Teaching and research aside, Professor Yep is passionate about social affairs. He was once active in a political party and has mainly engaged himself in the work of think tanks in recent years." Someone had asked me why I joined an advisory committee of the government. I thought that would give me the opportunity to get in touch with the business sector and the pro-establishment camp. I would be able to listen to different voices and ideas, which would be helpful in my academic research and in understanding what public policies are really about." Professor Yep hopes that his participation in society can drive certain ideas or raise more attention from the public. "Speaking as a university professor undoubtedly draws more attention." Such attention was exactly what he had hoped for.

“I would describe myself as 'professional'– in the sense that I take responsibility for my profession. Students should also perform their own duties by really participating in the classroom. Participation is the key to benefiting from the teaching and learning process.”

An advocate of academic research

Academic research is a time-consuming deed, but Professor Yep is certainly enjoying it. "An article can easily take one whole year to complete, as each and every sentence is the result of repeated polishing. The article is evaluated by authorities on the subject, and amendments are made after discussion. I have benefited greatly from the process alone, and my knowledge has grown as a result." He also mentioned that, after receiving expert advice, it usually becomes obvious that there is room for further improvement. His position as a university professor gives him the opportunity to conduct different types of research.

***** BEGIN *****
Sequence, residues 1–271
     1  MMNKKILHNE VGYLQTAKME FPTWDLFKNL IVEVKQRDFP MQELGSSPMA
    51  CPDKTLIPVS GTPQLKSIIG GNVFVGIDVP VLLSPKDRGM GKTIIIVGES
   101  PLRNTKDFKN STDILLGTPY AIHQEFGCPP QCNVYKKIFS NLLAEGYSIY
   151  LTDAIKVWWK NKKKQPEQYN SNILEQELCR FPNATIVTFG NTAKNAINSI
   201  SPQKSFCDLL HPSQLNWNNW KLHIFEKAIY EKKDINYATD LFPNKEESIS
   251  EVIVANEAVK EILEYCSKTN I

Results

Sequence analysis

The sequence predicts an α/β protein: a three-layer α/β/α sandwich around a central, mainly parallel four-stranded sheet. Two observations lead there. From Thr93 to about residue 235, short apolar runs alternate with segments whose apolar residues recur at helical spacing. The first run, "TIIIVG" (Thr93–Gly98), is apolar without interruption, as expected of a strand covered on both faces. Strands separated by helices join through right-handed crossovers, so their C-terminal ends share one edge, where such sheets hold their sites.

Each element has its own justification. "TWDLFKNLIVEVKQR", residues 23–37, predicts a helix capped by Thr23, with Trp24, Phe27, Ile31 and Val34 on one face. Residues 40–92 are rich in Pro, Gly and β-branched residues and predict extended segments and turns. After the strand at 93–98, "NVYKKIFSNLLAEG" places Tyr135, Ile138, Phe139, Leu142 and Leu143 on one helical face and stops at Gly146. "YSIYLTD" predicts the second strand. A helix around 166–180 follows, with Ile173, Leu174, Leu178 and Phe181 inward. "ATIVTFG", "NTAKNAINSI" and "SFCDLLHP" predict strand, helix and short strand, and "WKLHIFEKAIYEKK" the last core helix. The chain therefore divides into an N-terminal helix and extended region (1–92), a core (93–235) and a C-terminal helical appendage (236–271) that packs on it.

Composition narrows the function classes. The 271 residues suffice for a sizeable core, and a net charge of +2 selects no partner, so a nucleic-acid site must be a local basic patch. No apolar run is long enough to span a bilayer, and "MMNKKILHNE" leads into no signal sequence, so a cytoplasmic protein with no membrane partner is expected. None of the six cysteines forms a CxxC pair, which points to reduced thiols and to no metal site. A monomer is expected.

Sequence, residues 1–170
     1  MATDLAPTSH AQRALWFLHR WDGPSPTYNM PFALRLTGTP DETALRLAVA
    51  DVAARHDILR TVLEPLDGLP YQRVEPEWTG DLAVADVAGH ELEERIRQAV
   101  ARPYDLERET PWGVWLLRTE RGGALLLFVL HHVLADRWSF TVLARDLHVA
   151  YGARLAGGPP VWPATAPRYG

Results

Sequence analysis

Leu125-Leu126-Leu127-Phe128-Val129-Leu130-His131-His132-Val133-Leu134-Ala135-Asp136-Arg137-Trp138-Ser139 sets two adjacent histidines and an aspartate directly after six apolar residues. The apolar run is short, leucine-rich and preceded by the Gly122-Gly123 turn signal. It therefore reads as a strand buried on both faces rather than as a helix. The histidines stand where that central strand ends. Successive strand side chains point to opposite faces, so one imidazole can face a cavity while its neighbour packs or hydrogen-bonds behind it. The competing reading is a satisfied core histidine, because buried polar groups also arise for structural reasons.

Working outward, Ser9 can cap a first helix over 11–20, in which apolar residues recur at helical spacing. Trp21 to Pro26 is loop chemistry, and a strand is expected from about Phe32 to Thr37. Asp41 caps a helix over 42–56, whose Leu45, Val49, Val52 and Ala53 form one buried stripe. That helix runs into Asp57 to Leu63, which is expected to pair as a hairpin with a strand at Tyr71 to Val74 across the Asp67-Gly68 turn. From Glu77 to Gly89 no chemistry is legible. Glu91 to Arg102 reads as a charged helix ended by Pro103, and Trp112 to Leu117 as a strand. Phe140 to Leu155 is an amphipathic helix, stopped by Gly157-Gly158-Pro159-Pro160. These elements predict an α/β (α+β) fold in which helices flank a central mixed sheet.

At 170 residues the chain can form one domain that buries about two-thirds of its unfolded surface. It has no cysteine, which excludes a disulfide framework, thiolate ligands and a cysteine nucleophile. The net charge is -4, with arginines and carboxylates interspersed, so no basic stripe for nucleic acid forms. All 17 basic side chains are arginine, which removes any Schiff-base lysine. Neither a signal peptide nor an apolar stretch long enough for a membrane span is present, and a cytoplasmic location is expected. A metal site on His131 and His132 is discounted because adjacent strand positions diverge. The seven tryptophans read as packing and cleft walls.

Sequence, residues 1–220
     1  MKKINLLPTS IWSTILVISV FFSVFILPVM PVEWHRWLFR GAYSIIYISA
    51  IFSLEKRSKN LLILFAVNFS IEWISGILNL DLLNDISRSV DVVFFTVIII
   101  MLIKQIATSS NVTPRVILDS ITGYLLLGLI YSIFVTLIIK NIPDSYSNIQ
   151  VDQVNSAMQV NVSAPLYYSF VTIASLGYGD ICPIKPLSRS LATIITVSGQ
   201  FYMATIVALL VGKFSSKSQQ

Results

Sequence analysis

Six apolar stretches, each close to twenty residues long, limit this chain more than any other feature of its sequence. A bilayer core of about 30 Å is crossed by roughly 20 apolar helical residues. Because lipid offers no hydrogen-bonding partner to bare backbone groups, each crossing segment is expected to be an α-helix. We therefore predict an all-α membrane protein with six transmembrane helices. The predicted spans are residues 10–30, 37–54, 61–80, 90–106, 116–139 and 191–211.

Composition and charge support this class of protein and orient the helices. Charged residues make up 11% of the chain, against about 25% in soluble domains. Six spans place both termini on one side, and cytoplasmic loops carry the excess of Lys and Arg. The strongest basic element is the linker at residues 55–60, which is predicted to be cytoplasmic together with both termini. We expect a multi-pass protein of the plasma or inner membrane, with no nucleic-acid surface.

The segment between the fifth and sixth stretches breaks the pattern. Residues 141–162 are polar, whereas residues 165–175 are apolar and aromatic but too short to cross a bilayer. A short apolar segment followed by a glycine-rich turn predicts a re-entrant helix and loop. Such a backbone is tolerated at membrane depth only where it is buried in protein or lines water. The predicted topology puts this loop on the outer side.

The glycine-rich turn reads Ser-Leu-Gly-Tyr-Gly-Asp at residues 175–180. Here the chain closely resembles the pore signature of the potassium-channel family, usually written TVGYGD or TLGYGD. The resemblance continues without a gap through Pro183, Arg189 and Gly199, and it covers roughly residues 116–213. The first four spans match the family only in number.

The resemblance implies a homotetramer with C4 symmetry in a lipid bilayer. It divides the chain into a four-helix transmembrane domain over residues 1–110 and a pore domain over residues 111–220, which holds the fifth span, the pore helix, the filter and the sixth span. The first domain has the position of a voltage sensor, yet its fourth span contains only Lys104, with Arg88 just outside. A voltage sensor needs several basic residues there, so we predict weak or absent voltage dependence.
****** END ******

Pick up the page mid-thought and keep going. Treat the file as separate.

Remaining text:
Professor Yep has been focusing on two research projects in recent years. The first one looks at issues in rural China, such as the effect of urbanisation on governance. The second one looks at the effect of colonial governance on the Hong Kong-China relationship. He believes that the current conflicts between China and Hong Kong come from a lack of mutual understanding of history. "We will start a new research area: how do new immigrants integrate into Hong Kong society? Who are Hong Kongers? Is someone a Hong Konger when s/he recognises the social value of Hong Kong? If we exclude these new immigrants, how can they integrate into the community?" Professor Yep pointed out that all of the preceding questions are worth our reflection.

Professor YEP Kin-man Ray

Professor/Associate Head Department of Public Policy

Professor Ray Yep joined CityU in 1998. He specialises in the study of issues in rural China and colonial governance in Hong Kong. He is very active in community affairs and was formerly a member of the Advisory Council on the Environment and the Council for Sustainable Development. He has engaged himself in the work of think tanks in recent years, offering his input to SynergyNet, Path of Democracy and the Central Policy Unit. He has held visiting posi t ions in Bristol University, Peking University, University of Macau and Brook ings Institution.